Blood 78(11): 2814-2822, 1991.
Linker CA, Levitt LJ, O'Donnell M, et al.
We treated 109 patients with adult acute lymphoblastic leukemia (ALL) diagnosed by histochemical and immunologic techniques. Patients were excluded only for age greater than 50 years and Burkitt's leukemia. Treatment included a four-drug remission induction phase followed by alternating cycles of noncrossresistant chemotherapy and prolonged oral maintenance therapy. Eighty-eight percent of patients entered complete remission. With a median follow-up of 77 months (range, 48 to 111 months), 42% +/- 6% (SEM) of patients achieving remission are projected to remain disease-free at 5 years, and disease-free survival for all patients entered on study is 35% +/- 5%. Failure to achieve remission within the first 4 weeks of therapy and the presence of the Philadelphia chromosome are associated with a 100% risk of relapse. Remission patients with neither of these adverse features have a 48% +/- 6% probability of remaining in continuous remission for 5 years. Patients with T-cell phenotype have a favorable prognosis with 59% +/- 13% of patients achieving remission remaining disease-free compared with 31% +/- 7% of CALLA-positive patients. Intensive chemotherapy may produce prolonged disease-free survival in a sizable fraction of adults with ALL. Improved therapy is needed, especially for patients with adverse prognostic features.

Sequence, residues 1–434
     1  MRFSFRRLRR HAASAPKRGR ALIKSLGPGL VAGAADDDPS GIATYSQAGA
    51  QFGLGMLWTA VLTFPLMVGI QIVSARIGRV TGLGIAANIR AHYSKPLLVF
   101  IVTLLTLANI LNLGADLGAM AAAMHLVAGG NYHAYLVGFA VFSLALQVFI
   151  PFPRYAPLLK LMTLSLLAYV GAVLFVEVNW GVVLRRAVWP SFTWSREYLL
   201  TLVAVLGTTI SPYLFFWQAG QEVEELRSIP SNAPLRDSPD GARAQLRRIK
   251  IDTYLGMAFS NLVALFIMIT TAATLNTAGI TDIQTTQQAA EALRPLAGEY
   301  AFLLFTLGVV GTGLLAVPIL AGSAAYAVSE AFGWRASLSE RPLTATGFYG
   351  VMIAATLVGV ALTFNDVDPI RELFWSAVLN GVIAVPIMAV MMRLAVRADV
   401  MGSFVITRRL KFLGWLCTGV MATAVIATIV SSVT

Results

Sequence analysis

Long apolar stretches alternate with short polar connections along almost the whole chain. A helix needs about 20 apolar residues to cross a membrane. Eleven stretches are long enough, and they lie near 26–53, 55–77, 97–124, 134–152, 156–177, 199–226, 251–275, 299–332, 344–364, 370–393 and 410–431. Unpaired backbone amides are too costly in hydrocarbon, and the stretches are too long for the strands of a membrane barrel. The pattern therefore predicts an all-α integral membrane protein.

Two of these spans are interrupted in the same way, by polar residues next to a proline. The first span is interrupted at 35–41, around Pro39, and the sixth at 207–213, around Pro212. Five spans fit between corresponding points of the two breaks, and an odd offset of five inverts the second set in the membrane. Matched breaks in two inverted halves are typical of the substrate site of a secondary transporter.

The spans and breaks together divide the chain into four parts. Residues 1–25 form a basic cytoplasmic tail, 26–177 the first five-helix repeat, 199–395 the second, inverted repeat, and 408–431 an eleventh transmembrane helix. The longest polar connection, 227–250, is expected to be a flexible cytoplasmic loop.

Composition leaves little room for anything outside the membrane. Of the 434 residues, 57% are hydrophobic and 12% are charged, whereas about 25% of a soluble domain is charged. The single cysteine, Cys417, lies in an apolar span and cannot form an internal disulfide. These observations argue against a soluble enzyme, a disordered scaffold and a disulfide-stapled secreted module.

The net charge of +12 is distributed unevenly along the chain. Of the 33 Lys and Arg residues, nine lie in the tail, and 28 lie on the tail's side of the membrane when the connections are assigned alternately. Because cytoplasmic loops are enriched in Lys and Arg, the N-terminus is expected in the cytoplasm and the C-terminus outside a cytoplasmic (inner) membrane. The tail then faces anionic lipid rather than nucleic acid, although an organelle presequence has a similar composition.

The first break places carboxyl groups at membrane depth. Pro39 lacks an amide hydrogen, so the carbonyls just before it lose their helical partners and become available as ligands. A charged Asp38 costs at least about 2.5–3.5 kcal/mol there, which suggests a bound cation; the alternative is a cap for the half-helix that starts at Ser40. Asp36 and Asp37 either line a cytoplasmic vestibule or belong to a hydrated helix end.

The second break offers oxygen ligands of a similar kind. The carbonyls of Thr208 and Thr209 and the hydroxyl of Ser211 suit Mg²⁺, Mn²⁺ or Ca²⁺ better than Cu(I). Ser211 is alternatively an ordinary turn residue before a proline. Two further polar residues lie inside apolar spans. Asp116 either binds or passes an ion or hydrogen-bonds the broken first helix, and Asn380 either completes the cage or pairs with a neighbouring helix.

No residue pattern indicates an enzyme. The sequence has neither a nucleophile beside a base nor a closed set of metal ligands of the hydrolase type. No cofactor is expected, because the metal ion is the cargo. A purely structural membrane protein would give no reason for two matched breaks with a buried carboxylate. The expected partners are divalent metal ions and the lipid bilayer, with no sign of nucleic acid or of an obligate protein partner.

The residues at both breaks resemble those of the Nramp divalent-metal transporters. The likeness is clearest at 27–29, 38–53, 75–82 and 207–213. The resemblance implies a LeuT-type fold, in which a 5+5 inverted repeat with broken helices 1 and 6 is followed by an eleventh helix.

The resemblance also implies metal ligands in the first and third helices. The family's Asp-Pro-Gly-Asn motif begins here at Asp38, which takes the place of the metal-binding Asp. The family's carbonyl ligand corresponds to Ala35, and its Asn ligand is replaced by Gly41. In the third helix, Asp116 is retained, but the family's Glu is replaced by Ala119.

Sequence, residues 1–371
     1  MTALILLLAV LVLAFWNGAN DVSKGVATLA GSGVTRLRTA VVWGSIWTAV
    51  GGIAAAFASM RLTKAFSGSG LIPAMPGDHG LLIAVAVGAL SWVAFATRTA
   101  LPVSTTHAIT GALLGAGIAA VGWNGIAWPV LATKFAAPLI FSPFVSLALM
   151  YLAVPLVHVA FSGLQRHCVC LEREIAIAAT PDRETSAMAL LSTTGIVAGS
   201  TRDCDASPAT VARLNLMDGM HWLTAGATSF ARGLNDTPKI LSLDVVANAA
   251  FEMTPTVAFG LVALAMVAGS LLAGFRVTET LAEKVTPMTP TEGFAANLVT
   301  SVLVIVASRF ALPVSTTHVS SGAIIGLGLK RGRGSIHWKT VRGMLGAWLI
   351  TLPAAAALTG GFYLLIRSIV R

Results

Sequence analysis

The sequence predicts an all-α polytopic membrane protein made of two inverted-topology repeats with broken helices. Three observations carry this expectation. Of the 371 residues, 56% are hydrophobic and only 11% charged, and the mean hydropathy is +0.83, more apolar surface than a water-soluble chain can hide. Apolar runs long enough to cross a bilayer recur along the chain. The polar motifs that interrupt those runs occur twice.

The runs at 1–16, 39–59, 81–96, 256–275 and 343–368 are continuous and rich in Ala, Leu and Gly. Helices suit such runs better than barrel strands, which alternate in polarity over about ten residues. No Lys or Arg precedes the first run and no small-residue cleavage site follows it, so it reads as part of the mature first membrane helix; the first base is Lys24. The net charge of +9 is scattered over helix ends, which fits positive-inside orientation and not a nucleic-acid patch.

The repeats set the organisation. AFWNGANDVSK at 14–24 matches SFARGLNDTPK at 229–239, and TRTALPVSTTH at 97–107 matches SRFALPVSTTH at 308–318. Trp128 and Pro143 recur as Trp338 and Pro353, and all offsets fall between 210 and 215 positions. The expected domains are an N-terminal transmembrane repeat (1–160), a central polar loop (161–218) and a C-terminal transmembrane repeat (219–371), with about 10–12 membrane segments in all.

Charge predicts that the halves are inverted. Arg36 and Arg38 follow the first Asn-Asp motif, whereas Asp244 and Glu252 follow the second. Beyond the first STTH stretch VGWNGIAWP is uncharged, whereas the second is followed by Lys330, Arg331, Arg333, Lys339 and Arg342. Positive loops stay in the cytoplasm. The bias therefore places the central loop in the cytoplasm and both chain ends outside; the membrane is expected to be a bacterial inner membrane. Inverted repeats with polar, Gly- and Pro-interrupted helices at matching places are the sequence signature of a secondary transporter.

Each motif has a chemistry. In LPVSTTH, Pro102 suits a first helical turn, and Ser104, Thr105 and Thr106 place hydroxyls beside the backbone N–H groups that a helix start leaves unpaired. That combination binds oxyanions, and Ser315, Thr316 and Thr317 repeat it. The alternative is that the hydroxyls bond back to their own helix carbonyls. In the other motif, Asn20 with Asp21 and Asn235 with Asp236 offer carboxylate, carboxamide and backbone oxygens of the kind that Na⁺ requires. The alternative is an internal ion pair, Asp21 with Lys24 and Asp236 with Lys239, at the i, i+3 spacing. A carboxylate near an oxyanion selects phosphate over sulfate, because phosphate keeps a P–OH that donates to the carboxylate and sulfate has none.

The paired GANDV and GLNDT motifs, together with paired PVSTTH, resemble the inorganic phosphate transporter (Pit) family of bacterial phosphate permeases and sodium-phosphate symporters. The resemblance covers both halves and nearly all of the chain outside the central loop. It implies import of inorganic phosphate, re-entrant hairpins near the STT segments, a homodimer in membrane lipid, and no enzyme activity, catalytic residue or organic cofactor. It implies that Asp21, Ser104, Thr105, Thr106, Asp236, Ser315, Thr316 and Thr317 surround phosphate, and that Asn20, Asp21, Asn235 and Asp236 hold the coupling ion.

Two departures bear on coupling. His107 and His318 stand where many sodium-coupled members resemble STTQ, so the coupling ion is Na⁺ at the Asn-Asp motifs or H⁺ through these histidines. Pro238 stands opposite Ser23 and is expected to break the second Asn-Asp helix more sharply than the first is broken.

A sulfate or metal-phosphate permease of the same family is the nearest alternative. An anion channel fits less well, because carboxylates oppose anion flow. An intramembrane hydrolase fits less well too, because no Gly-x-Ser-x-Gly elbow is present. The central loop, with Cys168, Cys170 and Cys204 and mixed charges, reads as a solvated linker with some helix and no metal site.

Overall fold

Rheinische Friedrich- Wilhelms- Universität Bonn